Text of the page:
Here’s something you do not see very often—individuals who claim income as household help in order to commit tax fraud. The dodge earned a North Carolina tax preparer a lot of trouble and more than ten years in prison.
Keesha Frye, a 43-year old Durham resident, owned KEF Professional Tax Services, a tax-preparation business. In providing her services, Ms. Frye and her employees routinely embellished the returns of her clients to include income earned from household help. Abbreviated on a return as “HSH,” this refers to employment or monies earned through providing in-home services, like house cleaning.
The income boost gave the lower-income clients of Ms. Frye just enough added earnings to qualify for the Earned Income Tax Credit (EITC). The EITC is intended to serve as a tax-break for parents with minimal earnings. While this type of criminal tax fraud may seem small potatoes, Department of Justice documents reveal that Ms. Frye created a tax loss of $1.7 million.
Adding to that, Ms. Frye created false income tax returns on her own behalf. Although Ms. Frye claimed childcare expenses for her child attending a Durham daycare center, the owner of the business had no record of her child and did not recall meeting Ms. Frye.
Tripped up by an undercover investigation
Ms. Frye was tripped up by an undercover IRS criminal tax investigation. In 2014, an agent visited KEF Professional Tax Returns. While being recorded on audio, an employee of KEF prepared a false tax return. A later search of the premises offered evidence against Ms. Frye including “cheat sheets” to support the tax fraud.
It is possible that Ms. Frye learned from earlier experience. A tax preparer used by Ms. Frye was convicted of tax fraud in 2012. When interviewed by federal agents working on the case against her tax preparer, Ms. Frye claimed no knowledge of the education expenses and business losses that were registered on her 2006 tax return.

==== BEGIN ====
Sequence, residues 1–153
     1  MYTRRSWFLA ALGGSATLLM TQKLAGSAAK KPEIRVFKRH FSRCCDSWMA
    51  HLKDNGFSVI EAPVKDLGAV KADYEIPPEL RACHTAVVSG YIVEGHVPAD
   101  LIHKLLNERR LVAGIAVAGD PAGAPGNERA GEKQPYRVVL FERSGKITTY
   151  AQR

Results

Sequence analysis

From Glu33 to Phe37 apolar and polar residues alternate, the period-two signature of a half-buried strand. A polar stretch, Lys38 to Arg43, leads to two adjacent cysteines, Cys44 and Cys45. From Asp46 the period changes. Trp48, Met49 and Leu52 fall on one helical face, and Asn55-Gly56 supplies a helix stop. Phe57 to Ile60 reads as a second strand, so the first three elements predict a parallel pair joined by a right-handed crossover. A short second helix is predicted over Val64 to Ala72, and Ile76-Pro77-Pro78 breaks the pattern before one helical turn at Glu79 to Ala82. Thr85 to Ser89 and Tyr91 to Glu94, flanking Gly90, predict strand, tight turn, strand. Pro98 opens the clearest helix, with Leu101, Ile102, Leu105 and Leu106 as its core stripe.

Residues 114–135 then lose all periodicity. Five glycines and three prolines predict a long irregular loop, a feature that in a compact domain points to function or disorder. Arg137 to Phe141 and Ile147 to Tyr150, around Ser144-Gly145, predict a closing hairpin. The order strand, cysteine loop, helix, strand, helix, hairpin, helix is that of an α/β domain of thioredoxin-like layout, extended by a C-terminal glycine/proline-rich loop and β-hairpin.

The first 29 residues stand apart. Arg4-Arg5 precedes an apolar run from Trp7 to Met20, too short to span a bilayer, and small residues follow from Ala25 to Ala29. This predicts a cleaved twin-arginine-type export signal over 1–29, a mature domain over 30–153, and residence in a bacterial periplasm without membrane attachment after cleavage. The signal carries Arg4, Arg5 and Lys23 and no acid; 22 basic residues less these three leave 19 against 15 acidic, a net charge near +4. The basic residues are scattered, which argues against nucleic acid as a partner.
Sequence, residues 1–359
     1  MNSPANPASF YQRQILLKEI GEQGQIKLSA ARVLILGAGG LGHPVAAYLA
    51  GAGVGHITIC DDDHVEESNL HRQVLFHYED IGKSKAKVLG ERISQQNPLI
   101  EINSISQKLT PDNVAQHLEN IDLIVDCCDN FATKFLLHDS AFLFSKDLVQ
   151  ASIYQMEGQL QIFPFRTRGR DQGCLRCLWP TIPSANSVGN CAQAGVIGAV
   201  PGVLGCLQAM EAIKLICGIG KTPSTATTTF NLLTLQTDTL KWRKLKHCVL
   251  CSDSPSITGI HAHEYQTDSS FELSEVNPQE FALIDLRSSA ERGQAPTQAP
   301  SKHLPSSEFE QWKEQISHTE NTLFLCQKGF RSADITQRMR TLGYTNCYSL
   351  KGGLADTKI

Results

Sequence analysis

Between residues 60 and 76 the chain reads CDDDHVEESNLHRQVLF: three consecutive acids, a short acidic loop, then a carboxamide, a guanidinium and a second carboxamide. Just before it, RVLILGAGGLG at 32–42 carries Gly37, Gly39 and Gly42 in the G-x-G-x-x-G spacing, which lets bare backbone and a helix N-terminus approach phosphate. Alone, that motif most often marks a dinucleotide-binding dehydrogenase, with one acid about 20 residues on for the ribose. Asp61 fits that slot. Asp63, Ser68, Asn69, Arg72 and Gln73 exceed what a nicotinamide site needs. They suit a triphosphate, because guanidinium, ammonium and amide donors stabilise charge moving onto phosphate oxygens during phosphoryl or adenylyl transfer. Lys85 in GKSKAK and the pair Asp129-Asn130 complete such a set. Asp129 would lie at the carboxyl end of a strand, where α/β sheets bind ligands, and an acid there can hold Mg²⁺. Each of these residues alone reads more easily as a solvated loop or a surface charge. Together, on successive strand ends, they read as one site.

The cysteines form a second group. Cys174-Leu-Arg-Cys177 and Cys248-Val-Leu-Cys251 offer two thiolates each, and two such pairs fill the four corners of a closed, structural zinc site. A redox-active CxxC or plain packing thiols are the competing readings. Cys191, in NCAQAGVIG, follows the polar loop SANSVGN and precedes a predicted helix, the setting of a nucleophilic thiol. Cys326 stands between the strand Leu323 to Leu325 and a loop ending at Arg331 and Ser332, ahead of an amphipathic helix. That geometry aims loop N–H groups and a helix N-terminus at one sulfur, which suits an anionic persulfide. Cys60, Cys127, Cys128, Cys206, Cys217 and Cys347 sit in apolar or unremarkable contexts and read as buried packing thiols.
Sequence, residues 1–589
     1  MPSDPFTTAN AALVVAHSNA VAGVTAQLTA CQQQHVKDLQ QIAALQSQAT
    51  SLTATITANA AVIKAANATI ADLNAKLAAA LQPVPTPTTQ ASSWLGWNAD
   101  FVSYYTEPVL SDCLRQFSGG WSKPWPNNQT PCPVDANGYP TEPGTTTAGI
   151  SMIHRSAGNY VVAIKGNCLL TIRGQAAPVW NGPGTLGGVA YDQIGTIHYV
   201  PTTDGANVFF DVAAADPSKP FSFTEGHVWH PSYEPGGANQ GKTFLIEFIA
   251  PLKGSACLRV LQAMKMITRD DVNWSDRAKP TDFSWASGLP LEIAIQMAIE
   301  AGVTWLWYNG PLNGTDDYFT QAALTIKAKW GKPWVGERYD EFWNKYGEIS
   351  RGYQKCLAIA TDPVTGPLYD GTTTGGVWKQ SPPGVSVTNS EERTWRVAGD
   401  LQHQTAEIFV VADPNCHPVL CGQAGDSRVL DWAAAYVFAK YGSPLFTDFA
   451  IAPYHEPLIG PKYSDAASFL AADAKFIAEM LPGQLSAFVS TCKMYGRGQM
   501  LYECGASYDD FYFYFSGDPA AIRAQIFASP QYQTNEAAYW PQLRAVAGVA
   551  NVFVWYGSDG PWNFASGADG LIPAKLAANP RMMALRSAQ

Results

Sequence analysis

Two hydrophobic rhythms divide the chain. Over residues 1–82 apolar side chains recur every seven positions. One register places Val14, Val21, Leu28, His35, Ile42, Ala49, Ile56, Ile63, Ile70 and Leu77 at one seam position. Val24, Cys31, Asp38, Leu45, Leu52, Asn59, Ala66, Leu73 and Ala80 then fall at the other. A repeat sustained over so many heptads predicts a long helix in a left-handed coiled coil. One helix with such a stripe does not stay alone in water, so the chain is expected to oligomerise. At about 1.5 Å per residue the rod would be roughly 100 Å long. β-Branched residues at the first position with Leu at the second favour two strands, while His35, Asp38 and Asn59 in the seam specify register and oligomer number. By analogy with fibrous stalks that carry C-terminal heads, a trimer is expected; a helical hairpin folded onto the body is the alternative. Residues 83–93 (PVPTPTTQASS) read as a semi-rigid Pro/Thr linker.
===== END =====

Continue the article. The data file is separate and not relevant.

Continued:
Though small time, Ms. Frye’s fraudulent tax returns earned her more than a decade of prison time, plus probation and almost $2 million in restitution to the IRS. In a plea agreement, an employee nabbed in the scam is serving two years in prison, plus probation and $83,083 in restitution.
Ms. Frye serves as a cautionary tale for income earners at all levels—be knowledgeable about who is preparing your income tax returns. In this case, Ms. Frye and company prepared fraudulent returns and then told her clients they needed to create a fake paper trail to support their tax return.
When you use a new accounting firm, check references and ensure the business follows best practices, including the expertise to protect your finances and your credibility with the IRS. Ask about their service in the event of an IRS audit. If you are drawn into a tax controversy of any kind, speak with an experienced criminal tax defense attorney as soon as possible.
Skilled Cleveland tax attorneys protect your rights
In Cleveland, Chicago, and internationally, Robert J. Fedor, Esq., LLC provides experienced, confidential legal strategies and solutions for persons or entities notified of an IRS civil tax audit or other tax challenge. Contact us or call 800-579-0997 today.